Community Articles from 2018
Scientists Use Primitive Wheat Varieties to Feed the Hungry in Senegal
by Dr. Fillip Bassi
Posted January 22, 2018
For the past four years, I have led an international research team that has made it possible to grow durum wheat in conditions of extreme heat along the Senegal River basin, a region highly affected by poverty. Our scientific breakthrough, essential in the fight against hunger in the region, has won the 2017 Olam Prize for Innovation in Food Security. To find this food solution, we didn’t use GM-breeding. Instead, we relied on advanced breeding techniques applied to strains of primitive and modern wheat to develop a set of durum wheat varieties that can not only withstand constant 35 to 40 degree Celsius (95 to 104 degree Fahrenheit) heat, but also grow remarkably fast, in only 92 days.
This discovery was only possible because, as scientists, we believed in the importance of the past and knew the treasures hidden in these ancient strains. We are certain that more solutions to adapt to the changing climates exist in this ancient gene pool, but these can only be reached if investments continue to flow to support the tedious and never-ending battle of breeding. More…
Despite Years of Recommendations, Government Still Rewards Bad Policies for Body Cameras
By Jake Laperruque
Posted January 21, 2018
In the last several years, we have seen a boom in the use of police body cameras. Departments across the country have adopted the cameras, and most of the nation’s largest cities have either begun pilot programs or full rollouts of body cameras for officers.
This has largely driven by calls for police reform and enhanced accountability, but it’s also been driven by financial assistance and other incentives provided by the federal government and body camera vendors. Unfortunately, as the use of these cameras has proliferated, serious problems have emerged from their use in a number of jurisdictions. Despite these problems, the federal government continues to reward departments and cities that operate bad body camera polices with additional grant funding.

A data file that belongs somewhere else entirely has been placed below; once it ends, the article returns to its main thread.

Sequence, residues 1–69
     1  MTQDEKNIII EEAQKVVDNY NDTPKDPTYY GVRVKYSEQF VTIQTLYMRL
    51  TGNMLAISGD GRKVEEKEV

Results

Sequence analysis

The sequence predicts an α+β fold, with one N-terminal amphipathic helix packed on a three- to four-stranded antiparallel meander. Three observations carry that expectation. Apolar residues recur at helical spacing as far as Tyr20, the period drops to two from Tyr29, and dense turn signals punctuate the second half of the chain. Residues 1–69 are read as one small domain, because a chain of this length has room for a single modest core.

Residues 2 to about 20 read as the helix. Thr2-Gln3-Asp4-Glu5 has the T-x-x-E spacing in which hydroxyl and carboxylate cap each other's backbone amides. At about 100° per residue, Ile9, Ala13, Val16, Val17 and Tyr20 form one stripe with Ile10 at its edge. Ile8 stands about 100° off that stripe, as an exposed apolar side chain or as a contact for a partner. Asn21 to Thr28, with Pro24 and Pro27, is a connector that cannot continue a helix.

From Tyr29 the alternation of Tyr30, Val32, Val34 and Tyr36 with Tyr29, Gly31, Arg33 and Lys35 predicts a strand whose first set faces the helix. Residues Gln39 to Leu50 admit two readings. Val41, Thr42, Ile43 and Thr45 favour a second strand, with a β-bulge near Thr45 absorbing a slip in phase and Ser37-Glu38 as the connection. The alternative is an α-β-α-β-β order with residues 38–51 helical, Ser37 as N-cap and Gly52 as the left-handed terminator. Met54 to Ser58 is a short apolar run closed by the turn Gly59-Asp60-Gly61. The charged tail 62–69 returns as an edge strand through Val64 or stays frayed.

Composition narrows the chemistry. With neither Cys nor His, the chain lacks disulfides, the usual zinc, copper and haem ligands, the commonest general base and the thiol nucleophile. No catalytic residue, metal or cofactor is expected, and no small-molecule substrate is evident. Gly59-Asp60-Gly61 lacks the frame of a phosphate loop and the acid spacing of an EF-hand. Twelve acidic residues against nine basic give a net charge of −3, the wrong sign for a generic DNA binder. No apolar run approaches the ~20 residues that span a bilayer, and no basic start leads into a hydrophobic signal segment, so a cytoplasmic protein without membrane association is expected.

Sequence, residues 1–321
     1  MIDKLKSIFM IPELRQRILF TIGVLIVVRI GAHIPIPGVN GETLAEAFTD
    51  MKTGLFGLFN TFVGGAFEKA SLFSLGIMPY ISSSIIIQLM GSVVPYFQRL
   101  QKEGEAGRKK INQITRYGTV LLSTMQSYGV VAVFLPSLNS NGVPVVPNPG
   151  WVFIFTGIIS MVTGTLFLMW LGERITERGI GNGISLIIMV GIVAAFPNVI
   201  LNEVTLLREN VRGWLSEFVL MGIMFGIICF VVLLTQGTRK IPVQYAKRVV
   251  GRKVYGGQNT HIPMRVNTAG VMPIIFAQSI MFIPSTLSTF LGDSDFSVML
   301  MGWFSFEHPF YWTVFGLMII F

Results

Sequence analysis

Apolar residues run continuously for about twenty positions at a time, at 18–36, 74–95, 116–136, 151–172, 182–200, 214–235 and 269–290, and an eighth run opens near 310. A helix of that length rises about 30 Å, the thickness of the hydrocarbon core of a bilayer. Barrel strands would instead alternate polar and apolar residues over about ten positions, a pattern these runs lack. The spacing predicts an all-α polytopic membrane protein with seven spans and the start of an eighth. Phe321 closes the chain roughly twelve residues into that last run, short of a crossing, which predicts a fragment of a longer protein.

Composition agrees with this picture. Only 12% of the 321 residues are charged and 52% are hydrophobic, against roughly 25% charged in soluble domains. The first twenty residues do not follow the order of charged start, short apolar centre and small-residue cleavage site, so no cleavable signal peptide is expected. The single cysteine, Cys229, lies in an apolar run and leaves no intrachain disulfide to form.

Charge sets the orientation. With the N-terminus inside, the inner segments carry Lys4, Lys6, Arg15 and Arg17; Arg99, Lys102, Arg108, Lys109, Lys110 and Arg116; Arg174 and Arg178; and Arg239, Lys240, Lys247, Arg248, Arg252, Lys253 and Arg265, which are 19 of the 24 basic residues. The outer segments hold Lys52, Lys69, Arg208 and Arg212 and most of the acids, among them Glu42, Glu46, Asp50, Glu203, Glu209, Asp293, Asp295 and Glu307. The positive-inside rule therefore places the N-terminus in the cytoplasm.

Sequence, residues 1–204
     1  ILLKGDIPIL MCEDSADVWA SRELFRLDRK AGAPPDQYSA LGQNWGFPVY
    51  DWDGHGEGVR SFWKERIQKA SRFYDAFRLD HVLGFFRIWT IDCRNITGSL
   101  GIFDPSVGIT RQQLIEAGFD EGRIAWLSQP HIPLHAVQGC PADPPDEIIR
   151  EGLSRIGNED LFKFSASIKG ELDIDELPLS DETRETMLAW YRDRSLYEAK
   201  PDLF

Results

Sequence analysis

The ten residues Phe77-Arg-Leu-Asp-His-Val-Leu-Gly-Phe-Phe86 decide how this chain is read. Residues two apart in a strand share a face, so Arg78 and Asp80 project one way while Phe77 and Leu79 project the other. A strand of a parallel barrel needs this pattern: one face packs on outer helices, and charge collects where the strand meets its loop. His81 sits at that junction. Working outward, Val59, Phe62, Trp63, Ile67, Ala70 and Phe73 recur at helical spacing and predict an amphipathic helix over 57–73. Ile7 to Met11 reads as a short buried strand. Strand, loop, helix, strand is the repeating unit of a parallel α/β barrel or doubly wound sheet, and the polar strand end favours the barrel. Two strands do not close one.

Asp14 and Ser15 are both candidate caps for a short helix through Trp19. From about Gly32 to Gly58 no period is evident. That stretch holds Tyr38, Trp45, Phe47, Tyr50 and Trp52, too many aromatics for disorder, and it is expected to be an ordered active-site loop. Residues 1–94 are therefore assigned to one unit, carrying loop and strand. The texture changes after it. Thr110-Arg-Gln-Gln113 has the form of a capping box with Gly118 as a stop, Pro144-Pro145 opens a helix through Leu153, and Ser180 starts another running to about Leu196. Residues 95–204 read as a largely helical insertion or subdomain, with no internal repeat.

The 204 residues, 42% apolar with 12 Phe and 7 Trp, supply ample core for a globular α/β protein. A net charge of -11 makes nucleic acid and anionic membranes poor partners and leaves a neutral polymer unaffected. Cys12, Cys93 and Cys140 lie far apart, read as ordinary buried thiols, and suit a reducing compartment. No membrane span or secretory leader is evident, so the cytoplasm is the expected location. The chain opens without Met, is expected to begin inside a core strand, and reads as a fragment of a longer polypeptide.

If body cameras are to live up to their potential as an oversight mechanism meant to check abuse, rules need to be in place providing public access to body camera footage in a way that ensures accountability. More…
Finding a Fix
by Julia Lurie
Posted January 18, 2018
Both the Obama and Trump administrations have repeatedly acknowledged the need for treatment for drug users. “We’re going to take all of these kids—and people, not just kids—that are totally addicted and they can’t break it,” Donald Trump promised at a Columbus, Ohio, town hall meeting just before the election. “We’re going to work with them, we’re going to spend the money, we’re gonna get that habit broken.” He also promised to declare a national emergency, which would free up federal money to support afflicted communities. Nothing of the sort has happened.
Instead, in October Trump declared a public health state of emergency, which opened up a fund containing a grand total of $57,000—or about $1 per fatal overdose victim. As of this writing, neither the Department of Health and Human Services nor the Office of National Drug Control Policy have permanent leaders. Repealing Obamacare or enacting the proposed GOP tax bill would cause millions of Americans with substance abuse and mental health disorders to lose coverage. Meanwhile, the White House Council of Economic Advisers recently estimated that the epidemic cost the nation $504 billion in 2015. More…
How a Tiny Village Became the First Place in the World to Ban All Synthetic Pesticides
by Philip Ackerman-Leist
Posted January 17, 2018
The Italian village of Mals has set an international precedent—and a model for other communities to follow.
For hundreds of years, the people of Mals—a tiny village in the South Tirol province of northern Italy—had cherished their traditional foodways and kept their local agriculture organic. Yet the town is located high up in the Alps, and the conventional apple producers, heavily dependent on pesticides, were steadily overtaking the valley below.
Aided by climate change, Big Apple (i.e., large corporate, industrialized apple growers) crept further up the region’s increasingly warmer valleys and mountainsides, its toxic sprays drifting with the valley’s ever-present winds and falling on the farms and fields of Mals—endangering their health, biodiversity, organic certifications, and their thriving tourism economy. More…
7 Next-Level Mind Hacks that Can Change Everything
by Gary ‘Z’ McGee
Posted January 1, 2018
You don’t have to be a genius to be creative, but you do have to be creative to be a genius. Similarly, you don’t have to be awesome to not suck, but you do have to not suck to be awesome. There seems to be a theme here. In order to be an awesome genius, or at least to strive to be one, we should endeavor to be more creative and to suck less. Easier said than done, sure. But as Baruch Spinoza said, “All things excellent are as difficult as they are rare.”
The following next-level mind hacks are tools we can use to leverage a little more creativity and a little less suckiness into our lives. As the great Ralph Waldo Emerson said, “In the minds of geniuses, we find – once more – our own neglected thoughts.” More…
End The Illusion Films
End The Illusion Blog
The Shocking Truth about Our Money System and How We Can Break Free!
This site is designed for people who wish to follow important events, but do not have time to do a lot of reading. If you follow this site for a period of time, the daily fresh stories in different categories will over time provide you with an understanding of the “big picture” by showing you both the problems and the solutions. Hopefully this will inspire you to listen to your inner wisdom and become part of the solution.